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Best antivirus in 2020: Free antivirus and paid software - Tom's Guide UK

Best antivirus in 2020: Free antivirus and paid software - Tom's Guide UKBest antivirus in 2020: Free antivirus and paid software - Tom's Guide UKPosted: 02 Jul 2020 06:59 AM PDTEvery Windows PC needs to be running one of the best antivirus programs, even if that program happens to be one of the best free antivirus programs.  The Windows Defender antivirus software built into Windows 10 is very good, but while it certainly holds its own against other free rivals, it still can't quite match the features or protection of the best paid antivirus offerings.Best Antivirus: Top 7 Paid antivirus suites offer you a plethora of features that often go far beyond basic malware protection. You can get dedicated defenses against ransomware and webcam hijacking, extra functions such as file shredding or system optimization, and even features that compete with stand-alone services like password managers, cloud-backup solutions or identity-theft protection.Antivirus makers normal…

iOS users beware: Myth of Apple security invulnerability is just that - The Star Online

iOS users beware: Myth of Apple security invulnerability is just that - The Star Online

iOS users beware: Myth of Apple security invulnerability is just that - The Star Online

Posted: 10 Apr 2020 08:02 PM PDT

Windows computers are prone to viruses, while iOS is a safe haven: Apple users like to believe their operating systems are virus-proof. But MacBooks and iPhones also come with weaknesses – and the myth of their invulnerability is perhaps the biggest danger.

The common belief is that while Windows users have to deal with viruses, worms, and Trojans, Mac and iPhone users don't have to worry because Apple's devices are invulnerable to security threats.

In fact it's not really true anymore because there's been a rapid increase in the amount of malware targeting Apple in recent years.

The security of the macOS and iOS operating systems has always been based on a simple principle: the systems are closed and Apple specifies which hardware and software can be used with them.

Microsoft Windows and Android, Google's operating system for mobile devices, on the other hand, follow an open approach. That means that anyone can configure those systems themselves or develop and distribute software for them.

This approach means more freedom but also more risk. Windows and Android keep the gates a little bit open, which can mean that threats sometimes get in, while Apple users are protected behind high walls, at least in theory.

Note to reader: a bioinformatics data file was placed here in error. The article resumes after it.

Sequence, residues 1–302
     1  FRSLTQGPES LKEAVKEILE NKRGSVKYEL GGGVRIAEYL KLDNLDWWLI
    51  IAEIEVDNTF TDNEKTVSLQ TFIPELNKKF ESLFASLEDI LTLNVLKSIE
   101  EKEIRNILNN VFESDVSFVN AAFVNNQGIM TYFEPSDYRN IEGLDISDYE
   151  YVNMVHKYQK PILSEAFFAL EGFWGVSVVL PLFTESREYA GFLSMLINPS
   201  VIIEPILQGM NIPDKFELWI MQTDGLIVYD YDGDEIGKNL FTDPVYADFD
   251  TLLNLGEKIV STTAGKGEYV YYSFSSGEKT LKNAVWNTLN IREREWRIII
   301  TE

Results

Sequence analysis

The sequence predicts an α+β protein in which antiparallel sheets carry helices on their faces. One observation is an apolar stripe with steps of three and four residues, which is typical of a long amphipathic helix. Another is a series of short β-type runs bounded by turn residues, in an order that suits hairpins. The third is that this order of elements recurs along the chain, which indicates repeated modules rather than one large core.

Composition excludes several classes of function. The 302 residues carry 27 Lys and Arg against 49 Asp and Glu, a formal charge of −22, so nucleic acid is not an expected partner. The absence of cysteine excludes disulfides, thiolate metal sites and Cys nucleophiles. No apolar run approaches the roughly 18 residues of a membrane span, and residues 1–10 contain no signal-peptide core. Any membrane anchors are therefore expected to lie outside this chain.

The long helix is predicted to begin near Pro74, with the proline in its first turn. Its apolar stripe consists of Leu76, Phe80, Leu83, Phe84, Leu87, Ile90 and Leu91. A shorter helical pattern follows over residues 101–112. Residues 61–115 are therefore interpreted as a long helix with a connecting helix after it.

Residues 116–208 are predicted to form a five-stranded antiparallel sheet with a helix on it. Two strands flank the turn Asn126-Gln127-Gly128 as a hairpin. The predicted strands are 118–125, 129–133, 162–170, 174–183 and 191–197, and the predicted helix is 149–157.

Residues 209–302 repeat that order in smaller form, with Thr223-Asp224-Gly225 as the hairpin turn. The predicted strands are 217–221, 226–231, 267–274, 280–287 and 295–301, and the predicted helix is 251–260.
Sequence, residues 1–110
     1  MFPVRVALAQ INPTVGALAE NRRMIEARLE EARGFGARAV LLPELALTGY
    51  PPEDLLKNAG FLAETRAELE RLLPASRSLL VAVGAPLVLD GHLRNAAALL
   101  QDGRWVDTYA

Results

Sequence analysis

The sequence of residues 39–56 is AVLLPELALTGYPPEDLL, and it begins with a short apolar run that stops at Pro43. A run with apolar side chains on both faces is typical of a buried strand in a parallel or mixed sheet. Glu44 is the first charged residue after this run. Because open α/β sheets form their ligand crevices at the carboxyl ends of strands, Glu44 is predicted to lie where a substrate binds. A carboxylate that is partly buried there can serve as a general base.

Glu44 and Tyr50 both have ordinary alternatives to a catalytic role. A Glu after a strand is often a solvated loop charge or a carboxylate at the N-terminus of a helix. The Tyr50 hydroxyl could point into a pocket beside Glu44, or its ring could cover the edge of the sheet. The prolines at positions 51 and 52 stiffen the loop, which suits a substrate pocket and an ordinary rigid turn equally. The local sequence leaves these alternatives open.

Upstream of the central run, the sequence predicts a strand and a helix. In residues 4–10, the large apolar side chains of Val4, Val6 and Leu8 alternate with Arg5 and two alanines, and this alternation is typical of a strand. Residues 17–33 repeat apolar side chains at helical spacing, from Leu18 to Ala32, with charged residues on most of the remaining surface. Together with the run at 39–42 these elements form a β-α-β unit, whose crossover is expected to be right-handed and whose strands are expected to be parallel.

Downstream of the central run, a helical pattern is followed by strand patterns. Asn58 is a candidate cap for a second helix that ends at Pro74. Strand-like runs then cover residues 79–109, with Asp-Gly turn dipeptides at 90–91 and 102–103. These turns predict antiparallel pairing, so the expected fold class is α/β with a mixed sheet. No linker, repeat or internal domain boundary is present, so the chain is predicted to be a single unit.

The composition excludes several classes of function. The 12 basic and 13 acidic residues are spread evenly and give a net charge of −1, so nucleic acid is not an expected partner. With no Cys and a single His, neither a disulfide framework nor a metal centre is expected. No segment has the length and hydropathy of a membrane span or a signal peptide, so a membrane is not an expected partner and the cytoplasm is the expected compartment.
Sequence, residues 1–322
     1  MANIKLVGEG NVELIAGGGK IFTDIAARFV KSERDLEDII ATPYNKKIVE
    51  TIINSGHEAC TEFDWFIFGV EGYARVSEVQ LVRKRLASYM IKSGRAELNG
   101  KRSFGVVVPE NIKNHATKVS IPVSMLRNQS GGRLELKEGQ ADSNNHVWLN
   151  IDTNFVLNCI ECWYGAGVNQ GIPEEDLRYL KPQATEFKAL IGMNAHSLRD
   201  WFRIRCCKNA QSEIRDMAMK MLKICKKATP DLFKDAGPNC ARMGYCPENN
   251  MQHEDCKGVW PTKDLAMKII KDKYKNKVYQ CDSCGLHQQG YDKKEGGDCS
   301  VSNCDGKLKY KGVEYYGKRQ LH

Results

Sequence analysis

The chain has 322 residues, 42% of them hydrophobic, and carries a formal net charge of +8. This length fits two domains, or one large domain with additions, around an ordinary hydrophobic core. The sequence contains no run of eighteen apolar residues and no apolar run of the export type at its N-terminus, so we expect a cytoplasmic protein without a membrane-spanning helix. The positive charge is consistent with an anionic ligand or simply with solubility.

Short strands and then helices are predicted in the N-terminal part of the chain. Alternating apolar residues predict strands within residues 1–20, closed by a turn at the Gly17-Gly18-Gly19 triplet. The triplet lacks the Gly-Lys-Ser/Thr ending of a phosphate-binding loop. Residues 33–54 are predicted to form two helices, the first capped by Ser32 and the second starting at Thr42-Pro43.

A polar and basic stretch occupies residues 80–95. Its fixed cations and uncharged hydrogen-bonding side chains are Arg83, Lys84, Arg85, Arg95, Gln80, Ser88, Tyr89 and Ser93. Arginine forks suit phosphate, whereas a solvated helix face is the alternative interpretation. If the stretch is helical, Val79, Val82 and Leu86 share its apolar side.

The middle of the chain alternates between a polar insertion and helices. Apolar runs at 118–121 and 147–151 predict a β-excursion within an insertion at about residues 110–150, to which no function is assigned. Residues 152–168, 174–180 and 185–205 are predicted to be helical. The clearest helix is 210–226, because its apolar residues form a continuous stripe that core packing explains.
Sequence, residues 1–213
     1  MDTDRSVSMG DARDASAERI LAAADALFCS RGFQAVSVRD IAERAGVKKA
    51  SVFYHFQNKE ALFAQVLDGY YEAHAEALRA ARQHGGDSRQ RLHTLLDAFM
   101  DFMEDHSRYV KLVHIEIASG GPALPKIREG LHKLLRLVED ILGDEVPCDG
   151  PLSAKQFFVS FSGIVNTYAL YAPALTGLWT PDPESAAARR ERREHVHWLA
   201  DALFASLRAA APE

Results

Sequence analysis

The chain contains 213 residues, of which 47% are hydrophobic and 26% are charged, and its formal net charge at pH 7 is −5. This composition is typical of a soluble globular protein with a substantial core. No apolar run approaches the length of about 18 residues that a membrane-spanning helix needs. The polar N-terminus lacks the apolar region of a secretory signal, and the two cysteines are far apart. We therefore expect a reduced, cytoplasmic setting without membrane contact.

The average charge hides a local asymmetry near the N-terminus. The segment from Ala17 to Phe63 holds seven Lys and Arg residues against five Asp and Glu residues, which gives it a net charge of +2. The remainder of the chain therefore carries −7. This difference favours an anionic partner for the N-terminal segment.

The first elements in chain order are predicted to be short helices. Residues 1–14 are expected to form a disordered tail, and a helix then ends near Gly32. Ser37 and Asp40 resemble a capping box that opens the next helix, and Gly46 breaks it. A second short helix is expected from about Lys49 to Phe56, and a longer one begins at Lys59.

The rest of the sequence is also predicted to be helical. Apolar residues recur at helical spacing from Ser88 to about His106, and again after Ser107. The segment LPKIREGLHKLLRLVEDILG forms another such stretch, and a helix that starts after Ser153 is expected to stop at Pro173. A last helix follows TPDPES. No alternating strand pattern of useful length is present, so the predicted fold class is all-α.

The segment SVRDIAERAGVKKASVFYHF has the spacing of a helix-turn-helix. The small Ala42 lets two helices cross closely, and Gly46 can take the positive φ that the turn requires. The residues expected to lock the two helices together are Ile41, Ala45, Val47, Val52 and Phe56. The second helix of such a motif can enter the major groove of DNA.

In reality those walls have gaps too. In 2017 a serious security vulnerability was discovered in the High Sierra version of macOS that made it easy for anyone to gain admin access, even if they didn't have programming knowledge or special software.

As well as the security of a closed system, Mac users in the past could rely on another advantage: cybercriminals focused on Windows.

"Macs have always also been vulnerable, but Windows was the easier and bigger target," says Kai Schwirzke from Mac & i magazine.

Because Windows computers were so much more common than Macs, that platform offered criminals a lot more potential victims.

However, with Macs now having an increased market share they've become a more attractive cyber-crime target.

"We have found that targeted attacks against macOS are increasingly being carried out," Schwirzke says.

In its 2019 annual report, the US anti-malware manufacturer Malwarebytes identified an increase in threats to Mac systems of more than 400% compared to the previous year.

According to the security experts, the integrated security systems of macOS are particularly blind to adware.

Adware not only displays advertisements and often transmits user data, but can also serve as a gateway for attacks.

Downloading apps only from Apple's App Store is also no cast-iron guarantee of security.

"With the millions of lines of code in the apps that have to be checked by the App Store, it is impossible to rule out the possibility of malicious code slipping through unnoticed," Schwirzke says.

He recommends that you pay close attention to the permissions you grant an iPhone app. For example, a recipes app doesn't need access to your phone's address book or microphone.

Possibly the biggest danger is the Apple myth itself. In the belief that macOS and iOS are invulnerable, Apple users are often careless.

"The same applies to Apple as to other manufacturers: The biggest weak point is people," warns Internet security specialist David Bothe.

Phishing emails in particular pose a risk and are now being tailored specifically for Apple users.

In 2019 Germany's Federal Office for Information Security warned of an email that pretended to come from Apple Support. A blackmail trojan was hidden in a link inside the message.

Bothe advises Apple users to maintain a healthy dose of scepticism.

"Emails with calls for action should always be critically examined. Do not click on links if you're not one hundred per cent sure," he says. In addition, you shouldn't open email attachments from strangers. – dpa

Zoom Security: Here’s What Zoom Is Doing To Make Its Service Safer - Forbes

Posted: 10 Apr 2020 05:48 AM PDT

The COVID-19 crisis has given video conferencing app Zoom a huge surge in users, but it's also highlighted multiple security and privacy issues. Amid reports of Zoom bombers and videos of chats available online, the firm is now feeling the harsh repercussions of that rapid growth. 

This week, schools in New York City were banned from using Zoom for remote teaching, while Google no longer allows employees to use the app on their work-sanctioned laptops.

It's led to rivals trying to cash in on Zoom's misfortunes, with Microsoft promoting the secure credentials of its Teams video calling, and Google publishing a blog pushing its Google Meet video conferencing service. 

It is no surprise that people are worried about Zoom's security, but I have to say the company's response has so far been impressive. It's not trying to hide security issues–fixing problems for Mac and Windows users very quickly.